New Cal/OSHA COVID-19 Rule Takes Effect

By Benjamin M. Ebbink © Fisher Phillips February 7, 2023

​After several long weeks as the Office of Administrative Law (OAL) undertook a review of the proposal, the new Cal/OSHA COVID-19 regulation has been approved and is now officially in effect.

The new regulation became effective on Feb. 3 and will be in effect for two years, until Feb. 3, 2025, with some recordkeeping obligations remaining in effect through 2026. This also brings to a final end the previous Emergency Temporary Standard (ETS), which California employers had been following for the better part of the last three years. Now that the waiting game is over and the new regulation is in effect, what do you need to do next? Here's a three-step action plan for compliance.

Step One: Familiarize Yourself with the Regulation

The first step is understanding what the regulation requires and how it differs from what you were doing under the ETS.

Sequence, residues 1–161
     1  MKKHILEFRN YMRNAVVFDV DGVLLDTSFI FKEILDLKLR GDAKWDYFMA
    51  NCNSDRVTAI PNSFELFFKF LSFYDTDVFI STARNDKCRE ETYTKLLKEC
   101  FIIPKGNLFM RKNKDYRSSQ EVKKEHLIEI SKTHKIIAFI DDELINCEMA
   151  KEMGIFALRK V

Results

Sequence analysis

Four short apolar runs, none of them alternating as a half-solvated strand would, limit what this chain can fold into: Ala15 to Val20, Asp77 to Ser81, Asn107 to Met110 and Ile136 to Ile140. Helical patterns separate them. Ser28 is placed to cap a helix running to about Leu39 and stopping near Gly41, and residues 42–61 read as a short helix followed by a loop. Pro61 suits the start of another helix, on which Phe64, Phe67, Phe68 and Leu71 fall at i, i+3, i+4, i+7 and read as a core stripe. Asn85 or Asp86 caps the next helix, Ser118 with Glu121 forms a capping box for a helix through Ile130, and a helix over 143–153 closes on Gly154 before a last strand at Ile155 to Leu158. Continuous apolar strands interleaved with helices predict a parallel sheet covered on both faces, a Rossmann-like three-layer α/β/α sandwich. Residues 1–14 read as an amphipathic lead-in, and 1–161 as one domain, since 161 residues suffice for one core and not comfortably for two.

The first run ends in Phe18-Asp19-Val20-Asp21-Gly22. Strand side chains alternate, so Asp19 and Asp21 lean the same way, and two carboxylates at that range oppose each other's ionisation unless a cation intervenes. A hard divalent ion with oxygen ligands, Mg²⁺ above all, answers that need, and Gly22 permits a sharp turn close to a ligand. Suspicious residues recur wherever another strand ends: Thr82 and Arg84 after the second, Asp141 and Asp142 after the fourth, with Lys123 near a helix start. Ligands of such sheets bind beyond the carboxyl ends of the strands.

Cal/OSHA has also provided a handy courtesy copy that shows you the differences between the ETS and the new regulation.

Finally, the agency has provided some limited guidance regarding the new regulation, including a brief fact sheet that summarizes the changes made by the new regulation. While Cal/OSHA has not yet provided updated FAQs or other materials, their website indicates that these items are coming soon, so be sure to check back often.

Step Two: Determine What Changes You Need to Make

After you review the new regulation and its requirements, it will become clear to you that you will need to make some immediate changes to the procedures you were following under the ETS. These include developing new written COVID-19 procedures as part of your Injury Illness Prevention Program (IIPP), preparing new notices that satisfy your obligations under the new regulation and some recent changes to some statutory notice requirements, and making sure your team is trained and aware of what's new and different under the new regulation.

Step Three: Implement Those Changes Now

The new regulation is now in effect. Therefore, you should act immediately to follow the above steps and implement the needed changes to your workplace.

Benjamin M. Ebbink is an attorney with Fisher Phillips in Sacramento, Calif. © 2023. All rights reserved. Reprinted with permission.



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